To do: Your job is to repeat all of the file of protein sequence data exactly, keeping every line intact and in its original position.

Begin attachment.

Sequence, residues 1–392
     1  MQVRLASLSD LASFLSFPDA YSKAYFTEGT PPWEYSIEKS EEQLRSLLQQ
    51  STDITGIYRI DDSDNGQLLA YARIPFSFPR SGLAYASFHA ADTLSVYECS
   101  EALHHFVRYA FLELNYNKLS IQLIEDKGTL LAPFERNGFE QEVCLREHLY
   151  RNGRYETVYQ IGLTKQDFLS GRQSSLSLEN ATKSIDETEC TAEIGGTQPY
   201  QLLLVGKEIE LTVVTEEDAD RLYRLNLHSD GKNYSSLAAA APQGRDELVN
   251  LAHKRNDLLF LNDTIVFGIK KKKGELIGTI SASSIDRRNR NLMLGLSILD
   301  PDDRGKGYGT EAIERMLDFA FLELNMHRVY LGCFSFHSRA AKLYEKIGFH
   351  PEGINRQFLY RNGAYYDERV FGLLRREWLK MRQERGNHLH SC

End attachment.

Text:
Sequence, residues 1–392
     1  MQVRLASLSD LASFLSFPDA YSKAYFTEGT PPWEYSIEKS EEQLRSLLQQ
    51  STDITGIYRI DDSDNGQLLA YARIPFSFPR SGLAYASFHA ADTLSVYECS
   101  EALHHFVRYA FLELNYNKLS IQLIEDKGTL LAPFERNGFE QEVCLREHLY
   151  RNGRYETVYQ IGLTKQDFLS GRQSSLSLEN ATKSIDETEC TAEIGGTQPY
   201  QLLLVGKEIE LTVVTEEDAD RLYRLNLHSD GKNYSSLAAA APQGRDELVN
   251  LAHKRNDLLF LNDTIVFGIK KKKGELIGTI SASSIDRRNR NLMLGLSILD
   301  PDDRGKGYGT EAIERMLDFA FLELNMHRVY LGCFSFHSRA AKLYEKIGFH
   351  PEGINRQFLY RNGAYYDERV FGLLRREWLK MRQERGNHLH SC